As the COVID-19 coronavirus makes its way to more countries around the world, proper hygiene will play an even bigger role in ensuring the health and safety of you, your colleagues and our customers.
To highlight how effective hygiene can be, estimates show that proper and frequent hand washing alone, was shown to reduce transmission of SARS by 30-50%[i].
The company’s policy differs from the Union’s official position that operating aircraft should have fully functional water systems. On certain routes aircraft may be dispatched with partially inoperative water systems. In these cases, extra bottled water and hand disinfectant wipes are provided as mitigation. Many of you have expressed concerns, partly because it isn’t practical to wash hands using bottled water, which requires two crew members: one to pour while the other washes.
REMEMBER: Two crew members taking the time needed to properly use the methods provided for hygiene will inevitably affect service; this is an unavoidable and perfectly acceptable consequence of you making your personal hygiene a priority – and therefore the safety and health of your colleagues and passengers.
As a matter of reference, hand washing water should take a minimum of 20 seconds, or approximately the amount of time needed to sing happy birthday twice at a medium tempo.
The following video from the U.S. Centres for Disease Control explains all you need to know about hand washing: https://www.youtube.com/watch?v=d914EnpU4Fo
Cough / Sneezing:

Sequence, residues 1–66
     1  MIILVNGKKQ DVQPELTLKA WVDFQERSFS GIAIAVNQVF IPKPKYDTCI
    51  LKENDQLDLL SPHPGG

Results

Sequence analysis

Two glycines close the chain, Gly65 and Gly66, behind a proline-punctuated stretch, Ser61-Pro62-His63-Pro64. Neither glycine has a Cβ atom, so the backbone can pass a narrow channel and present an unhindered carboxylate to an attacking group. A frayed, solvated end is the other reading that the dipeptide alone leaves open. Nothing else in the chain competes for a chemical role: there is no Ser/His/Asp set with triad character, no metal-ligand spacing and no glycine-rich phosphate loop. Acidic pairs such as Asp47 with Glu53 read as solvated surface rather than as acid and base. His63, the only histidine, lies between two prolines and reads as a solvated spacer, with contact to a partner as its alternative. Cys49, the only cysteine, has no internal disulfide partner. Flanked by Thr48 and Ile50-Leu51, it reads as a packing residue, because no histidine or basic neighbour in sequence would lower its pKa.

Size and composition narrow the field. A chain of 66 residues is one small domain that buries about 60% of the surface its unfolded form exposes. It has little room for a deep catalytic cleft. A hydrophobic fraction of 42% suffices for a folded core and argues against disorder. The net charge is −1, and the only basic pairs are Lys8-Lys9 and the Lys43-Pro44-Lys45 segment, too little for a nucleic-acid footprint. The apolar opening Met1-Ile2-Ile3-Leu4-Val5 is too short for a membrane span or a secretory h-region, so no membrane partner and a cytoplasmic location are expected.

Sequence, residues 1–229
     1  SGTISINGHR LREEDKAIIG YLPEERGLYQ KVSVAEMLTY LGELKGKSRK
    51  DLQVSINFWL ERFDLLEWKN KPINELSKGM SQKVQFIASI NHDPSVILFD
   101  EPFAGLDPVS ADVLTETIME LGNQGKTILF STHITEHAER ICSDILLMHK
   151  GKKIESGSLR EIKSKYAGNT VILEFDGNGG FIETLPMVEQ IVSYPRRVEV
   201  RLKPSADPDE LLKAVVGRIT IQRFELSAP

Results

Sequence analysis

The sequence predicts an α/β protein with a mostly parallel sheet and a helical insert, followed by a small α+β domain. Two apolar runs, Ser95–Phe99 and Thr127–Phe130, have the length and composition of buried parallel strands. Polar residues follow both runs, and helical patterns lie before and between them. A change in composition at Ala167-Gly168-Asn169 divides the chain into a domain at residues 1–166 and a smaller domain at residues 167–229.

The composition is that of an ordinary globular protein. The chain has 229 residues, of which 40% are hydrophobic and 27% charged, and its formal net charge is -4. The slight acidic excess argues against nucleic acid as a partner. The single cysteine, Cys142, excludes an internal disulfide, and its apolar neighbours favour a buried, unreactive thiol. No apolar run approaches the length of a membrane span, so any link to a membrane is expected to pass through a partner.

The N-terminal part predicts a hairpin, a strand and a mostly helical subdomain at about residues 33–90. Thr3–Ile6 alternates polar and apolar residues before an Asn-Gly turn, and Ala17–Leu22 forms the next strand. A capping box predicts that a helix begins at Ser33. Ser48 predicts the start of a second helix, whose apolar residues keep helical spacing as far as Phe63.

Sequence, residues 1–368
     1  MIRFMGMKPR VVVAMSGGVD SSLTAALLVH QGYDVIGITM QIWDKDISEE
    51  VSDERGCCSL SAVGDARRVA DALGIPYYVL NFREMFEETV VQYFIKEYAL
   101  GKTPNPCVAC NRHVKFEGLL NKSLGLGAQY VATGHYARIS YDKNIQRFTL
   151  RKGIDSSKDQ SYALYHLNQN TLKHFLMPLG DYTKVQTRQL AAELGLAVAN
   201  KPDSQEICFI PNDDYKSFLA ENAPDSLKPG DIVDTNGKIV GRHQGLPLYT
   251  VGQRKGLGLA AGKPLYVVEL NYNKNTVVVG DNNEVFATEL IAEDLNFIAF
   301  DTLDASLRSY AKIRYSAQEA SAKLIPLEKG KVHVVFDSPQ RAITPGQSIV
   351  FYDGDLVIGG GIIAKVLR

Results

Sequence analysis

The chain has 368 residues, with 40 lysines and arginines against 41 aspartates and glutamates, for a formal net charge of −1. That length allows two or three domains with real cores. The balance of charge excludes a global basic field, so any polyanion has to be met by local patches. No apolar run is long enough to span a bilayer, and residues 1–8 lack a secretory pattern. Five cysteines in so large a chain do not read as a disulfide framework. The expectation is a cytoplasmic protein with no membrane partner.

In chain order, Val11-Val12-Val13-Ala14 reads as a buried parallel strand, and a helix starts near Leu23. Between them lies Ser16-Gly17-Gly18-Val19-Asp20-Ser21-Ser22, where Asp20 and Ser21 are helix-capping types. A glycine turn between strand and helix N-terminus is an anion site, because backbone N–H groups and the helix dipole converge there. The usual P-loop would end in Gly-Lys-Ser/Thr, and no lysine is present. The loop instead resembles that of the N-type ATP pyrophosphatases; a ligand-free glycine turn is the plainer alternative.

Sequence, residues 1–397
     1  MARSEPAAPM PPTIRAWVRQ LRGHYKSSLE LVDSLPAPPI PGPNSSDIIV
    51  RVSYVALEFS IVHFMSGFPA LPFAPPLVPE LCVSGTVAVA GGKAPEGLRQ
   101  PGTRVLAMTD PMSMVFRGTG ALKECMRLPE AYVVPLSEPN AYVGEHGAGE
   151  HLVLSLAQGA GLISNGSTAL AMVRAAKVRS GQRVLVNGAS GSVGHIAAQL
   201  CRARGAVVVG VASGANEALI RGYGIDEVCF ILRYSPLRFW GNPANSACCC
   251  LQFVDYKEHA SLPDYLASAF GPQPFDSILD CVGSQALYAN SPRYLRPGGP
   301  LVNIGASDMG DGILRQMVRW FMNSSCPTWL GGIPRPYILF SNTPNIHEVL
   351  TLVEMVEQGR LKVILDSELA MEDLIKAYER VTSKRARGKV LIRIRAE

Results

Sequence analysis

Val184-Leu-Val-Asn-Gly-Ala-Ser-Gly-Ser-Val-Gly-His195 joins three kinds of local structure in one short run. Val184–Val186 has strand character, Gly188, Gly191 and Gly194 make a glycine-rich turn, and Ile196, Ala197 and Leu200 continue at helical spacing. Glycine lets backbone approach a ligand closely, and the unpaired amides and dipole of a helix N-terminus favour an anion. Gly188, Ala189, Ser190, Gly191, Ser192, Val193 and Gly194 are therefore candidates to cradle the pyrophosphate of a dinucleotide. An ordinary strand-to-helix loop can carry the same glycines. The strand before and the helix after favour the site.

We all have the odd urge to sneeze or cough as a result of things like allergens, strong odours, or eating certain foods. As a rule of thumb, you should never cough or sneeze into your hands which may then touch surfaces and spread disease.
It is preferable to cough into a paper towel or tissue and then promptly dispose of it in a waste bin. If no tissue is available, use the inside of your elbow. In either case, ensure to clean your hands immediately afterwards.
Hamilton Health Sciences has prepared the following video: https://www.youtube.com/watch?v=J2jbEetZ8G4
Reporting to work sick:
To put it bluntly: no one wants to work with you when you’re sick. Now more than ever, it is important that we all accept the only appropriate thing to do when ill is to stay home.
The issue of sick notes has been discussed with the company, and management has committed to only requesting them in cases where they feel they are absolutely necessary and justified. If you have concerns about booking off, which may include members on CAMS at mainline, or who have a history of absenteeism at Rouge, speak to your local union office for advice.
The Union sometimes hears from members who have no more sick days/hours left. Remember that often neither do your colleagues, and it is unfair to come to work and get them sick as well. You will get better faster, allowing you to make up lost hours sooner, by staying home and resting.
Employees who believe they may have contracted an illness while at work are advised to file the appropriate reports and seek the required medical follow-up in order to protect their workers’ rights. Send an email to email@example.com for further information.
Suspected Communicable Disease:
It will inevitably happen that someone onboard a flight – crew or passenger – demonstrates signs and symptoms of communicable illness. In such cases it is not only appropriate, but a required SOP to follow procedures for suspected communicable disease as outlined in chapter 6 of your FAM/PUB.
Following the protocol for suspected communicable diseases not only helps protect crew and passengers but is key to supporting the overall public health battle to contain diseases such as COVID-19.
Your Air Canada Component of CUPE Health and Safety Committee